Friday, August 29, 2014

Obamacare's Most Significant Impact on the Labor Market in One Paragraph from the CBO

"Other Indicators of Labor Market Slack. Another manifestation of slack in the labor market is the number of people who are employed but are not working as many hours as they would prefer. The incidence of part-time employment for economic reasons (resulting from slack work or business conditions or a worker’s inability to find fulltime employment) remains much higher than it was before the recession. Consequently, the Bureau of Labor Statistics’ U-6 measure of underutilization in the labor market stood at 12.2 percent in the second quarter, down from a peak of 17.1 percent in fourth quarter of 2009 but still well above its value of 8.5 percent in the fourth quarter of 2007. (The U-6 measure combines the number of unemployed people with numbers for two other groups of people: those who are “marginally attached” to the labor force—that is, who are not currently looking for work but are willing and able to work and who have looked for work in the past 12 months—and those who are employed part-time for economic reasons.) Consistent with the trends in the U-6 measure, average hours worked per worker fell substantially during the recession and remain below their prerecession level."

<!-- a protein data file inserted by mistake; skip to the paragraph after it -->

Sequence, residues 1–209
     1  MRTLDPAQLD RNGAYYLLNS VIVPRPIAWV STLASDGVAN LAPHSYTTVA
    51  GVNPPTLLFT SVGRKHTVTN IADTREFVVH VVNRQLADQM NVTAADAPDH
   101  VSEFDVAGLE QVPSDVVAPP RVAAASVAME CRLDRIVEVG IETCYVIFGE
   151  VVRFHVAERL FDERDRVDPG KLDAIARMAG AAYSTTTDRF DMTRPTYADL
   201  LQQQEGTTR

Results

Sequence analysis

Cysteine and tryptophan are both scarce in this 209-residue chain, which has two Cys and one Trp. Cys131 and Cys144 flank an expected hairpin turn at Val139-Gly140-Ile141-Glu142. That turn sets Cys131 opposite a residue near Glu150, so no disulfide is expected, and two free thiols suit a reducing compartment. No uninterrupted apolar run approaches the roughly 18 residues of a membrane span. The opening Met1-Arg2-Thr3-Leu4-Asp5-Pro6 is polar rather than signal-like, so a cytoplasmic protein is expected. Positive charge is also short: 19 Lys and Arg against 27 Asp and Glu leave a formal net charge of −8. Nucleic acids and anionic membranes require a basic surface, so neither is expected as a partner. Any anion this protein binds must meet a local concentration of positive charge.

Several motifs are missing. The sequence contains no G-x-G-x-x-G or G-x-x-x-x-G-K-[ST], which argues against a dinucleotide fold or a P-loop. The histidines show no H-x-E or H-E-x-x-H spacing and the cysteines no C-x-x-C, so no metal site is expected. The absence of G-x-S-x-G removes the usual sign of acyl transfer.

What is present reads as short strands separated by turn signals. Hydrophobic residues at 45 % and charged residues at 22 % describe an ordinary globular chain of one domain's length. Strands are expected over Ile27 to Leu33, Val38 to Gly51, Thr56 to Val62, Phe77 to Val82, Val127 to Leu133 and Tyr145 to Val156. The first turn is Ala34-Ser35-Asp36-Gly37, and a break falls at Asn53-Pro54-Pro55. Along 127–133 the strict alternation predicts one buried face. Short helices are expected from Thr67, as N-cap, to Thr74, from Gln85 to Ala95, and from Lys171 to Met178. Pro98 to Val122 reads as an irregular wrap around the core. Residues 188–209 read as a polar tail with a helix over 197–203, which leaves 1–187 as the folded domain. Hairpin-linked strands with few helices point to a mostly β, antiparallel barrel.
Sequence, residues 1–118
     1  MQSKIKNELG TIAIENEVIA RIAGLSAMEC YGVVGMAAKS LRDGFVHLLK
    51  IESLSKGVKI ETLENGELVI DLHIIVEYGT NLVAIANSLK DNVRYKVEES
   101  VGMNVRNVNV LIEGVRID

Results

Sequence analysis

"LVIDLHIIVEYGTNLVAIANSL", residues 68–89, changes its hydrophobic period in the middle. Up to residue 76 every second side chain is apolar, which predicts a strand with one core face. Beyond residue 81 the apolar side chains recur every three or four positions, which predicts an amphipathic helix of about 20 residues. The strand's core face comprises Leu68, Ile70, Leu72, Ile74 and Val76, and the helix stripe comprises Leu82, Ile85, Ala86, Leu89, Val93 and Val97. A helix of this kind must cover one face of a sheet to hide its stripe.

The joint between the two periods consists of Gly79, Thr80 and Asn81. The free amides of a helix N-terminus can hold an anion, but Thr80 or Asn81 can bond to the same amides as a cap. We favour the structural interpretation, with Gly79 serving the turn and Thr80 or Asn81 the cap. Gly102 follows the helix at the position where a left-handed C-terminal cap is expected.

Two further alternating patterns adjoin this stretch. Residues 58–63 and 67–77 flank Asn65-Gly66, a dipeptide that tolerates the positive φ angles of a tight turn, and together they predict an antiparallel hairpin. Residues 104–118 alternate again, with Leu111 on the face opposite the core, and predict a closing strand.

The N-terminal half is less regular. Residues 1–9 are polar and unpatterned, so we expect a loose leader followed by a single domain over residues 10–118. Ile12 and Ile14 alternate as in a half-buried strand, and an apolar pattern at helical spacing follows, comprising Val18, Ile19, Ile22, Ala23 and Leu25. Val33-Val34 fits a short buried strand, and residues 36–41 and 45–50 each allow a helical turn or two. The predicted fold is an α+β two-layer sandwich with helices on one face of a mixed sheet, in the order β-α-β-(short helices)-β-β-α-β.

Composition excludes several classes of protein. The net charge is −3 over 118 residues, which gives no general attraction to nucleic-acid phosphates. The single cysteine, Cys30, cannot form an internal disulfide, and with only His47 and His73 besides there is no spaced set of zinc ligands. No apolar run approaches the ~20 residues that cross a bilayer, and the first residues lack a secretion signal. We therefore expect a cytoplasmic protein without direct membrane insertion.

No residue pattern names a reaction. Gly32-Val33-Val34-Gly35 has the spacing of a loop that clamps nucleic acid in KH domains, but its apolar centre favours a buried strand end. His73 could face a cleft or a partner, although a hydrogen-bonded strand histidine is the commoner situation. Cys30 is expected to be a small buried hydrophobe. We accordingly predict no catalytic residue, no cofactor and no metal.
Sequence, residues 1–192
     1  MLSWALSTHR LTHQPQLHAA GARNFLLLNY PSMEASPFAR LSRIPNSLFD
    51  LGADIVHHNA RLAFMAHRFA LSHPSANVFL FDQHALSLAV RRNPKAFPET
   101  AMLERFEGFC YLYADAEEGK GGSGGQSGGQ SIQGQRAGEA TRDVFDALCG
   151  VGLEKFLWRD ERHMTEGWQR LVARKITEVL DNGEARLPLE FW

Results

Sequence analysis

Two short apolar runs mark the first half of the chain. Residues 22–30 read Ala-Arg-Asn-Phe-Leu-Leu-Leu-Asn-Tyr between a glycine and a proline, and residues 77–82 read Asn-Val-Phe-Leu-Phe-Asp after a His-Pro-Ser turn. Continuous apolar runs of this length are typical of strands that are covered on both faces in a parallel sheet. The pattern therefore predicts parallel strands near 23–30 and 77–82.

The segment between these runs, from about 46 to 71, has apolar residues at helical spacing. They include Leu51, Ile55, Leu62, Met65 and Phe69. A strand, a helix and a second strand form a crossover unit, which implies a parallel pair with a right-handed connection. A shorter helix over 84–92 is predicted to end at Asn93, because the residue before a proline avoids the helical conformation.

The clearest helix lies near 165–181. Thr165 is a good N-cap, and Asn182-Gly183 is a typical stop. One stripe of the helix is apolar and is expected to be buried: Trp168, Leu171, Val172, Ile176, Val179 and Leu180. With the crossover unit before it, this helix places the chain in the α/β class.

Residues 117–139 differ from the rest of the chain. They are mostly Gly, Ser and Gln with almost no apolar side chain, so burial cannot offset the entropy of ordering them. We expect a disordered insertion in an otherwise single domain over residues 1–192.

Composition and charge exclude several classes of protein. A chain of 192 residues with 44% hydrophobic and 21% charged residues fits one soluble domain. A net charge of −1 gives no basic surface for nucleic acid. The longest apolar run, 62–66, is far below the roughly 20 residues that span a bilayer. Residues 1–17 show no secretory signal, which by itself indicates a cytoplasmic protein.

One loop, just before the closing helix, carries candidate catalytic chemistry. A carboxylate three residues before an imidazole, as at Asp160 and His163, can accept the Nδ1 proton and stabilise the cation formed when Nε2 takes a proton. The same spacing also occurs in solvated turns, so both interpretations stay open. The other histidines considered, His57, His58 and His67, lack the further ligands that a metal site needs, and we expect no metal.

Source: Page 40 of the Congressional Budget Office's Update to the Budget and Economic Outlook: 2014 to 2024.